As this spectacular event unfolds, Scripture records numerous times that “the LORD spoke to Moses,” and in turn, Moses spoke to Aaron, to Pharaoh, and even to the elders and all the people (12:21, 13:3). Moses does most of the speaking; Aaron does very little, if any.
Moses, who judged his own verbal skills as inadequate for the mission God gave him, a man who said of himself, “I am slow of speech and slow of tongue,” is now speaking without hesitation to Pharaoh and the huge crowd of his people.
At the end of his life Moses left a legacy. First, he knew the LORD face to face and, second, he performed incredible deeds, signs and wonders, by mighty power and great terror.
But long after his death, in fact, after the death and resurrection of Jesus, he was well known for more than his encounter with God and his deeds, as great as they were. In testimony before the council just before he was stoned to death, Stephen, with the benefit of hind-sight, trumpeted the legacy of Moses. He said that Moses, was “mighty in words and deeds,” (Acts 7:22). A man who at age 80 “was slow of speech and slow of tongue,” was honored as being mighty in words!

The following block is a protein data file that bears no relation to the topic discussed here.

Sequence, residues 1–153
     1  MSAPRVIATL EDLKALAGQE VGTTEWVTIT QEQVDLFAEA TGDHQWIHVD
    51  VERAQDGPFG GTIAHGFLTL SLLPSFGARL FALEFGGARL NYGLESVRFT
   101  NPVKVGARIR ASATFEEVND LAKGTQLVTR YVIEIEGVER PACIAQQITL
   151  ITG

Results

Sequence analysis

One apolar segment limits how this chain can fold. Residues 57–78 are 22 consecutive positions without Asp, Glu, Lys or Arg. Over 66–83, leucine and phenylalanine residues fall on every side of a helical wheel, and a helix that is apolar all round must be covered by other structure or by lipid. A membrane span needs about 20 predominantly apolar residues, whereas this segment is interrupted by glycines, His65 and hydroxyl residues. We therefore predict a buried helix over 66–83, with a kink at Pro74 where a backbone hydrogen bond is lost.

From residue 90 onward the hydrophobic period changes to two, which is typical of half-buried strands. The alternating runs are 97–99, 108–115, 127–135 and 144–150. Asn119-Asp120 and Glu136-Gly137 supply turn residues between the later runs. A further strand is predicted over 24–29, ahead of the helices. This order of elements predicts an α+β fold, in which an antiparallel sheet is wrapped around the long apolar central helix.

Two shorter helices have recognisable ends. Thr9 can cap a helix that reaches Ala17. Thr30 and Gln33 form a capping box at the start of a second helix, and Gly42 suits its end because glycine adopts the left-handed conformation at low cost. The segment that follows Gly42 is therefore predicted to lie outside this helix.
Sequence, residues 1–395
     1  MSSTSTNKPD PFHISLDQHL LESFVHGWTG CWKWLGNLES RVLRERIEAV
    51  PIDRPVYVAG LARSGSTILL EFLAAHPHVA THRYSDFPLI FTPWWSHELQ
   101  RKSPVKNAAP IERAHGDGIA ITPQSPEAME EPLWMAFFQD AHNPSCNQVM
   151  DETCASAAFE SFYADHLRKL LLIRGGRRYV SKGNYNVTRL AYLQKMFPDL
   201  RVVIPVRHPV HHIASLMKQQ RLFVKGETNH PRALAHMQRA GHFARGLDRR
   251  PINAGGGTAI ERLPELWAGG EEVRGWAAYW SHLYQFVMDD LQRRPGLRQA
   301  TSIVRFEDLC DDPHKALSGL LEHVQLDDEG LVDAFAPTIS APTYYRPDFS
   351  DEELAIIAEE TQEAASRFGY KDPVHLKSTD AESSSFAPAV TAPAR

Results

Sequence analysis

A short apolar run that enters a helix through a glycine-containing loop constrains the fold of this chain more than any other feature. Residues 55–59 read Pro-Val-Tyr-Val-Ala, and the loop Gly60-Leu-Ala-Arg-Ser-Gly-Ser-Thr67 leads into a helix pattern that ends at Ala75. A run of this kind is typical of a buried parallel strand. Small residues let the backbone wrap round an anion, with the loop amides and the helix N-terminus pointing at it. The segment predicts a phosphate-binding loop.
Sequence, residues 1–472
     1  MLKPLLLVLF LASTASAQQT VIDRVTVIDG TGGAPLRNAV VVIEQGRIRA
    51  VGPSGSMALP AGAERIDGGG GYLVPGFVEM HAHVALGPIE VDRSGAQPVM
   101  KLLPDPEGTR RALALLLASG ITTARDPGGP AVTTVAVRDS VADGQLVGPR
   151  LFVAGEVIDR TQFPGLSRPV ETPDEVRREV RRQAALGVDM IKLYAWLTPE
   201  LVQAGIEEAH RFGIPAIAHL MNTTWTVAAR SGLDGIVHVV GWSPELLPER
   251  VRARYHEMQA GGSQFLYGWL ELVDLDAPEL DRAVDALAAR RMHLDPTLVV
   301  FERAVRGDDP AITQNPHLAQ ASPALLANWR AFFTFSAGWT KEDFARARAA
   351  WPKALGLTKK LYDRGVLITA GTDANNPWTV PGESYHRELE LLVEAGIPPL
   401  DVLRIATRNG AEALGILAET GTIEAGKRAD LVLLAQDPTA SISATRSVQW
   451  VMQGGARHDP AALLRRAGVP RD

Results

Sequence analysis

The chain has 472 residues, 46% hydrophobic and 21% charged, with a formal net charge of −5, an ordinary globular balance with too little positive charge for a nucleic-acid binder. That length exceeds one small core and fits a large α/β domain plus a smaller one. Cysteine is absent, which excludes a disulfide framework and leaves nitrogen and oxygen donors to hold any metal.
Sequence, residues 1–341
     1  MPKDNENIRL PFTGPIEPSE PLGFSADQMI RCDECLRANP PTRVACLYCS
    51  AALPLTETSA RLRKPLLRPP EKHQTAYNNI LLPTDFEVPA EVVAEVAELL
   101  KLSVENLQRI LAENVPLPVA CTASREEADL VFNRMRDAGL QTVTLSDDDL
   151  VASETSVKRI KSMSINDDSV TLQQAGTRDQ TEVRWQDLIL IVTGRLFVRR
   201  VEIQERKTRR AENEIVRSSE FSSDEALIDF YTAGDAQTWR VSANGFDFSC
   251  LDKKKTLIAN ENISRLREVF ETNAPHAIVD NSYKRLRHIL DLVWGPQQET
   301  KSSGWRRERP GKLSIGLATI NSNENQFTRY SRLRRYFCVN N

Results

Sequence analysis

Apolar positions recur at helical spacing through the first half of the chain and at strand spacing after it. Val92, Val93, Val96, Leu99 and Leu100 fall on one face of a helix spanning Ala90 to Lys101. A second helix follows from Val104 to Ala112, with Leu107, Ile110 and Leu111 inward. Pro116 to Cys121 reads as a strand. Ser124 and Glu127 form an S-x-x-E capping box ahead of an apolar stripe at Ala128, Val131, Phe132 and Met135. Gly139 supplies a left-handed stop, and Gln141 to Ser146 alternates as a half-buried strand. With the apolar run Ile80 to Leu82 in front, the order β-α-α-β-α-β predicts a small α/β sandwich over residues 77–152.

Why would Stephen say that? Stephen was familiar with the words of Moses, as recorded in Deuteronomy, speeches given without the aid of notes or teleprompters. The first address starts in chapter one, verse one (“These are the words which Moses spoke to all Israel…”) and ends at 4:40. His second address, starting in chapter 5, spans 24 chapters, ending at 28:68. The third address starts at 29:2 and ends at 30:20. Deuteronomy continues with a song that God gave Moses to write and to teach to the children of Israel (most of chapter 32), followed by Moses speaking a blessing over each of the tribes (all of chapter 33). It concludes the account of his death (chapter 34).
What Moses said was what the Lord told him to say, borne out of his encounters with the living God. Moses had met with God on Mount Sinai numerous times, (Exodus 19:3, 8, 20; 20:21; 34:4), once for forty days and forty nights (24:18), then again in the tabernacle of meeting (33:7-11; 40:2; Leviticus 1:1; 8:3-4). Moses had met with the Lord often (34:34 and others).
Once Israel left Egypt, the books of Exodus, Leviticus, and Numbers record that God commanded Moses to “speak” (or “say”) something, most often to “the children of Israel,” at least 58 times! Never once did Moses object! Only once did Moses fail to speak when instructed, and struck the rock to provide water instead of speaking to it (Numbers 20:11). Moses paid dearly for his unbelief (20:12).